During this time of year I attend a lot of events honoring our veterans.
Itís one of my favorite assignments.
To see young military men and women stand before a gymnasium full of students and share their pride for the uniform and the country they love.
To enjoy a breakfast meal with the old veterans who fought and sacrificed so much for our freedoms.
Some of their stories are sad, some are funny, some are horrific.
Yet, here they are representing our finest and sharing their experiences.
I truly do enjoy these assignments.
But I want to tell you about another group of veterans I know.
Those that have come back wounded, not so much with visible battle scars but emotional wounds.
Trauma that is not so easily noticed.
For sixteen years I worked in a behavioral health/addiction center.
We treated thousands from all walks of life.
We had a criminal justice unit, a mothers and children unit, a first responders unit, and we had a veterans unit.
Iíve heard countless stories from those who served and came back broken in so many ways.
One memory that Iíll never forget centers around a particularly emotionally distraught young man.
For the purpose of this story Iíll call him Greg.
Greg was in his mid thirties and had been on our unit several times.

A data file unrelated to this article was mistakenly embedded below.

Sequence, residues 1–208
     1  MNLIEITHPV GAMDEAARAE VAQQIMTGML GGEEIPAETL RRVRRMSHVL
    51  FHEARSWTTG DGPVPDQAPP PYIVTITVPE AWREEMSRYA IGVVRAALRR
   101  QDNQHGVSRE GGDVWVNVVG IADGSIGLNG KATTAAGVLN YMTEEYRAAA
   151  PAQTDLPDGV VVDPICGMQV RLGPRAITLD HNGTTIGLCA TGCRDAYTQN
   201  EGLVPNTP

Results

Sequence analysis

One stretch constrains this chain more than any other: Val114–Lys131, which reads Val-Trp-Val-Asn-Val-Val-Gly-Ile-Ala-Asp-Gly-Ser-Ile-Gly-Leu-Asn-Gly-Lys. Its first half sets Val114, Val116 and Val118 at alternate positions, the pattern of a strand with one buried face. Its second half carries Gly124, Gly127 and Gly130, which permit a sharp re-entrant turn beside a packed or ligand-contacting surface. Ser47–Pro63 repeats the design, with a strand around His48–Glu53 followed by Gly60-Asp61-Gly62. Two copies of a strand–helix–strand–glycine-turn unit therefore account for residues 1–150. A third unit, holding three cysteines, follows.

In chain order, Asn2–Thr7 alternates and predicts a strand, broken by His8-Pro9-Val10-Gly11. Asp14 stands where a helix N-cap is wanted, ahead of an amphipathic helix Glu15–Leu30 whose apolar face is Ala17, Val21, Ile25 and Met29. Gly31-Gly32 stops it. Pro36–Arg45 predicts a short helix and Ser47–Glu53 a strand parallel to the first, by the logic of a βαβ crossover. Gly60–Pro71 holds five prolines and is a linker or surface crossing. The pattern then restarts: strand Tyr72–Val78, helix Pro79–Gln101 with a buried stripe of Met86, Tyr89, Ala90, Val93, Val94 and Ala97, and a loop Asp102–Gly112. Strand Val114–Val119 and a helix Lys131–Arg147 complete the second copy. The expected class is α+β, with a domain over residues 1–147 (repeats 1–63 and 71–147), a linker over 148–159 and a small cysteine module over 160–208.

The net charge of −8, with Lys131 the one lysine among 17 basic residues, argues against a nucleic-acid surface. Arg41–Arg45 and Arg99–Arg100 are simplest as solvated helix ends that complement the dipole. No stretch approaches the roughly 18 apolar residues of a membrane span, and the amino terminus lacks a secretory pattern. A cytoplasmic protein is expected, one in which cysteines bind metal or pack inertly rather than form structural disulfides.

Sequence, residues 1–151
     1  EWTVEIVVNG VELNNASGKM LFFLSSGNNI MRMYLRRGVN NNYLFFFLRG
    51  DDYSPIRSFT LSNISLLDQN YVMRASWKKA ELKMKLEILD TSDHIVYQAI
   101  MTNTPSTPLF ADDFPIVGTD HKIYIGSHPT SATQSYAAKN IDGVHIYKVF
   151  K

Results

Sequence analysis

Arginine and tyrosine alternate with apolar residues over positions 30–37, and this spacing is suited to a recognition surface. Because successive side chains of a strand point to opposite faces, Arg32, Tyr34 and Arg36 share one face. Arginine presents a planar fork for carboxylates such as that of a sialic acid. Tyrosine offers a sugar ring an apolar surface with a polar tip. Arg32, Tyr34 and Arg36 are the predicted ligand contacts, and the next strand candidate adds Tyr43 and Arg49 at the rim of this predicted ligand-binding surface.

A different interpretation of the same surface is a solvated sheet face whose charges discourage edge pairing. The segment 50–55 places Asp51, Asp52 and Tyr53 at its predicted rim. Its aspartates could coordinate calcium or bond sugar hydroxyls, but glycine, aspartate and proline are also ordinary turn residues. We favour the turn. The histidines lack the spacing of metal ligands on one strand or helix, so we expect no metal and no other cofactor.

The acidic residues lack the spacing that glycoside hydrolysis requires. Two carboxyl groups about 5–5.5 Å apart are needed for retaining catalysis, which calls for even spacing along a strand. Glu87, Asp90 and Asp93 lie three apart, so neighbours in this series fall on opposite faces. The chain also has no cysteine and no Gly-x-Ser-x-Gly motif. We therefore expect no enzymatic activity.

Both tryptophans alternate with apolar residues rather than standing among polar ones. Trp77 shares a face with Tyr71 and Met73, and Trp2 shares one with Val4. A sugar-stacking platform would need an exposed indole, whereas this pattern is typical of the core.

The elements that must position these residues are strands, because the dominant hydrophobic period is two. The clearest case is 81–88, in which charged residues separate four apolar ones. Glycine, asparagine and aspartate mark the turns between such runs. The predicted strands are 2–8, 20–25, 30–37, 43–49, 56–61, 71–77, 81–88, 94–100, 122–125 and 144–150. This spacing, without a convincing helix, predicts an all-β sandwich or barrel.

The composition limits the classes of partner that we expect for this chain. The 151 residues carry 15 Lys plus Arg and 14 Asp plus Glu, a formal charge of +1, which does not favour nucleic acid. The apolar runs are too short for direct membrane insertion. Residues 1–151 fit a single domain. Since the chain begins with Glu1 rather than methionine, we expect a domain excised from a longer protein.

Each time he returned he shrank further into himself.
He was ate up with fear.
Fear of loud noises.
Fear of the dark.
Fear of failure and tired. Greg was tired.
He had returned for another try at sobriety and mental wellness on a Monday morning. He was admitted and assigned a room. Greg isolated in that room. He wouldnít come out to eat.
He wouldnít attend groups. He laid on his side, towards the wall, sleeping, and sometimes just staring out.
Nurses, psychiatrists, and counselors were in and out of his room trying to engage with him to no avail.
Wednesday evening before I left my shift, I got Greg up and to the kitchen table.
He was dressed in scrubs with a blanket around his shoulders.
I begged him to eat just a little before I left. He took a few bites, smiled meekly at me, and went back to bed.
Greg was tired.
A few hours later, I received a phone call at home, that despite all safety precautions and staff interventions, Greg had found a way to kill himself.
Iíll never forget that a man who fought for our country and defended our nation, had come back so emotionally broken he couldnít get out of the pit of despair he had fallen into.
According to the Defense Suicide Prevention Office, 325 active-duty members of the military died by suicide in 2018.
I pray for them and their families and I will honor them. Iíll remember Greg and every time the National Anthem is played Iíll stand.
Iíll stand and remember that a man who fought for my freedom died on perhaps the loneliest battlefield of all, his own mind.
God bless him.
See you out there.